December’s Geminid meteor shower was overshadowed (or you could say “eclipsed!”) as discussed in last month’s installment by a spectacular total eclipse of the Moon. Also, the light of a first-quarter Moon compromised evening viewing on the night of its peak activity until it set around midnight. But there’s another great annual display of shooting stars to be seen and enjoyed at this time of the year — the Quadrantids. And the Moon will not be in the picture at all!
Among the annual meteor showers that appear in our skies each year, the Quadrantids is right up there with the best of them, including the famed Perseids in August and last month’s Geminids. The shower’s radiant — that point on the sky from which the meteors appear to emanate — lies in the obsolete constellation Quadrans Muralis (thus its unusual name), which is part of Bootes today. For this reason, some observers prefer to call this display the “Bootids” rather than the Quadrantids.
This year’s event occurs on the evening of January 3rd into the morning of the 4th, with peak activity expected sometime between 2:00 a.m. EST and dawn. The Moon itself will be New on the 4th and so dark skies will prevail. If clear, observers can expect to see upwards of 100 or more shooting stars during this time. And although Bootes itself doesn’t fully rise until well after midnight in January, meteors can still be seen shooting from over the northeastern horizon after darkness falls on the 3rd with meteoric activity increasing throughout the night as the constellation climbs higher in the sky. But there’s an additional factor involved here impacting the number of Quadrantids actually seen. During the evening hours we’re on the side of the Earth “facing away” from the direction we’re moving and the meteors are coming, so they have to “catch up” to us. But after midnight our Spaceship Earth is turned into the direction of the radiant, its 66,000 miles-per-hour orbital motion resulting in them slamming into the atmosphere at much higher speeds than during evening hours. This causes not only many more being seen, but those that are to typically appear brighter and more spectacular. So staying up late for a meteor watch (no matter which shower it happens to be) is well worth losing some sleep!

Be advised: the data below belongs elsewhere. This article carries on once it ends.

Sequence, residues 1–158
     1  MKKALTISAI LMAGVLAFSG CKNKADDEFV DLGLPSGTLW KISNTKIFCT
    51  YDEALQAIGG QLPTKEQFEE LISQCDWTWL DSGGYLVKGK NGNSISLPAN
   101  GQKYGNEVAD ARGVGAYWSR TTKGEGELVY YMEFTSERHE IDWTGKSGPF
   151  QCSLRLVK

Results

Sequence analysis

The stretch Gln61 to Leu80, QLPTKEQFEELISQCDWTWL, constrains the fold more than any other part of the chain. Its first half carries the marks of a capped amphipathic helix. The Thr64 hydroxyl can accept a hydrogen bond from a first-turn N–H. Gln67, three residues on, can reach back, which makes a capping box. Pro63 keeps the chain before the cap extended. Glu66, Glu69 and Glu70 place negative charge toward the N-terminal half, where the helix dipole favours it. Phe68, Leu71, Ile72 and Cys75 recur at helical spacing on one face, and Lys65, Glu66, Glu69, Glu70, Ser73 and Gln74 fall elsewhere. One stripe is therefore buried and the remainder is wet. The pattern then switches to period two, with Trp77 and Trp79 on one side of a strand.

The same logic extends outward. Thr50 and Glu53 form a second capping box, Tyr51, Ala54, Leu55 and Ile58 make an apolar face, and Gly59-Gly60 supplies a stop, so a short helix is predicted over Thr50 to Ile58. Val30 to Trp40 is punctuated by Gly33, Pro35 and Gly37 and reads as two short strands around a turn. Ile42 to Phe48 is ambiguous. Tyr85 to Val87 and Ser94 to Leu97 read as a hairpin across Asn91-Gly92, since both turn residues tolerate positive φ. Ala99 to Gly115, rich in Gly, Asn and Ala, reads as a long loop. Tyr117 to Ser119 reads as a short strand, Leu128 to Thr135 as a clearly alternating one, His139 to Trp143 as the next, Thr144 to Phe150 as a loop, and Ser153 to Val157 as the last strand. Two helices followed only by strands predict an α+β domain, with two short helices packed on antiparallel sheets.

Since meteor observing sessions usually run many hours, reclining on a lawnchair is normally recommended. But on a frigid January night, you may prefere instead to remain standing and keep moving to stay warm! And while this is basically a naked-eye activity in order to canvass as large an area of the sky as possible, using your Edmund binoculars is also encouraged for following the fascinating drifting “smoke” trails or trains left behind by many of the really bright meteors. And for an added thrill, point your glasses at the radiant itself. If you’re patient (and very lucky!), you may suddenly see a point of light growing rapidly in brightness and then going out in a spectacular burst or flash. This is a Quadrantid meteor heading right at you — one meant just for you!
Former assistant editor at Sky & Telescope magazine and author of eight books on stargazing.